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Rachel Rooney wins CLPE Poetry award – read her poem


A collection of poems for children by a poet who 'relishes and shares the craft of poetry' wins the CLPE award

Read Rachel Rooney's top poetry writing tips

A debut poetry collection for children, filled with humour, wordplay and riddles, has won the CLPE Poetry award. Rachel Rooney, a teacher from Brighton, won the prize with The Language of Cat, a collection of poems marked by what the judges called a "subtle distinctive speaking voice".

Rooney, who works with children with autistic spectrum condition and teaches poetry workshops in West Sussex, has had over 60 of her poems published in anthologies but this is her first collection. Previous winners of the award include established poets such as Jackie Kay, John Agard and Roger McGough.

"Winning the CLPE award is incredibly exciting for me - and slightly overwhelming too," said Rooney. "Three years ago, even the thought of having a solo collection with a publisher was just a vague dream. The CLPE is the only award for a children's poetry collection and this makes it an extra special one for me. I hope that my win might encourage other emerging poets to carry on with their writing. Miracles do happen sometimes!"

Carol Ann Duffy, poet laureate and former winner of the prize, commented that Rooney's collection "is a well-crafted, stimulating and un-patronising box of delights, always accessible and constantly inventive."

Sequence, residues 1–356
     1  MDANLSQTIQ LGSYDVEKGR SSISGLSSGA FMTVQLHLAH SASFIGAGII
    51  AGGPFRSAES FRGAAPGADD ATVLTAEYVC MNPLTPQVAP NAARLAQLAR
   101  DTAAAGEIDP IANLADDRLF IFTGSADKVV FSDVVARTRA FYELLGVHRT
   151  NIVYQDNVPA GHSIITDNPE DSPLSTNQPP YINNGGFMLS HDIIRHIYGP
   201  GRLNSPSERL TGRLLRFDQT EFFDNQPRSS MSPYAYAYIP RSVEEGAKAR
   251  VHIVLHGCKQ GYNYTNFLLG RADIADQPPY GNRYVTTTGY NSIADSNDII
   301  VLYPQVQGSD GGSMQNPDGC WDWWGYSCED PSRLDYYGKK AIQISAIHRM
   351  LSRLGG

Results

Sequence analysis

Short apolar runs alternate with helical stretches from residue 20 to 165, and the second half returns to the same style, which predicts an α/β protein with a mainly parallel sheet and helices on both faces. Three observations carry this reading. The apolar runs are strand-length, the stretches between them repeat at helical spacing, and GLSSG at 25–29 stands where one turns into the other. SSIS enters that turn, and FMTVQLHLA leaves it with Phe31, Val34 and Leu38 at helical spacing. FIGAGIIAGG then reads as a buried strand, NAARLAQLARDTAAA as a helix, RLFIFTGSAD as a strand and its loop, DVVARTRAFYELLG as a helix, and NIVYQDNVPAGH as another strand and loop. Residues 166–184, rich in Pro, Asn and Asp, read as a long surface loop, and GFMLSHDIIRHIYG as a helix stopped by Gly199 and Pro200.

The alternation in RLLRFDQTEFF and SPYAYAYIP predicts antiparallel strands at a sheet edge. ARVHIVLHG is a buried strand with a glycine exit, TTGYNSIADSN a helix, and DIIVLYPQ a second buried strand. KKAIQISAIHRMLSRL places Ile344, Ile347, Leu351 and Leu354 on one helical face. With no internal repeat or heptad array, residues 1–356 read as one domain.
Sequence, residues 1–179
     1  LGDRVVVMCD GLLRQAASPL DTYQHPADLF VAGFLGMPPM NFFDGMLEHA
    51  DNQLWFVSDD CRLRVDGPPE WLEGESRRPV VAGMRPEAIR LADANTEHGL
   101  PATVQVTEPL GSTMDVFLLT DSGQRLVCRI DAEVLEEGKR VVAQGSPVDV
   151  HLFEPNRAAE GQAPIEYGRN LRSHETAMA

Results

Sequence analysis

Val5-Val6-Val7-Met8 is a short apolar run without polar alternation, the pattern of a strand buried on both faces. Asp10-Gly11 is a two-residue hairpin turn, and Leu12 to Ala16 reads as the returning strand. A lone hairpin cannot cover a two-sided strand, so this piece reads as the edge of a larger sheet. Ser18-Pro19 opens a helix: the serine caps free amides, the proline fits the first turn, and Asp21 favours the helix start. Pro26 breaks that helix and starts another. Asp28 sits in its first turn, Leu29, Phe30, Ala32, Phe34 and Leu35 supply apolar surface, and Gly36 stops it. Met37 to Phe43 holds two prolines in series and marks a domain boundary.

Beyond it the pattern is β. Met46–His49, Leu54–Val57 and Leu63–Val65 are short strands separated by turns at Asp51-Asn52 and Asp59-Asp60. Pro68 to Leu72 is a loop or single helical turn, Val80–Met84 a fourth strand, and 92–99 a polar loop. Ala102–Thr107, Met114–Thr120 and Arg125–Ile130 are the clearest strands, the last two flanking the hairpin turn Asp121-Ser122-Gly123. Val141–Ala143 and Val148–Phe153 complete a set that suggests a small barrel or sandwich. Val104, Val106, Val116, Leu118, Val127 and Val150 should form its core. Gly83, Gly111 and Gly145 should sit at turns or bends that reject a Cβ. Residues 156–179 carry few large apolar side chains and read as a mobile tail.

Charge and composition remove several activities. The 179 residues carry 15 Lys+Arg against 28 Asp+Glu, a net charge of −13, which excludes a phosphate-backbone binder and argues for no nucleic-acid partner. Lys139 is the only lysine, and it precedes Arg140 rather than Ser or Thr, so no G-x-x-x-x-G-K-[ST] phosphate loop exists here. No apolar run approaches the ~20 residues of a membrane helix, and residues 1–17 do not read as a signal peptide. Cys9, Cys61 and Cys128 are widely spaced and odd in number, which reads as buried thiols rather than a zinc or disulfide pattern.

The CLPE poetry award for a book of poetry for children was launched by the Centre for Literacy in Primary Education in 2003 to highlight an important branch of children's literature

Read The Language of Cat from Rachel Rooney's award-winning collection

The Language of Cat

Teach me the Language of Cat;
the slow-motion blink, that crystal stare,
a tight-lipped purr and a wide-mouthed hiss.
Let me walk with a saunter, nose in the air.

Teach my ears the way to ignore
names that I'm called. May they only twitch
to the distant shake of a boxful of biscuits,
the clink of a fork on a china dish.

Teach me that vanishing trick
where dents in cushions appear, and I'm missed.
Show me the high-wire trip along fences
to hideaway places, that no-one but me knows exist.

Don't teach me Dog,
all eager to please; that slobbers, yaps and begs for a pat,
that sits when told by its own, that's led on a lead.
No, not that. Teach me the language of Cat.

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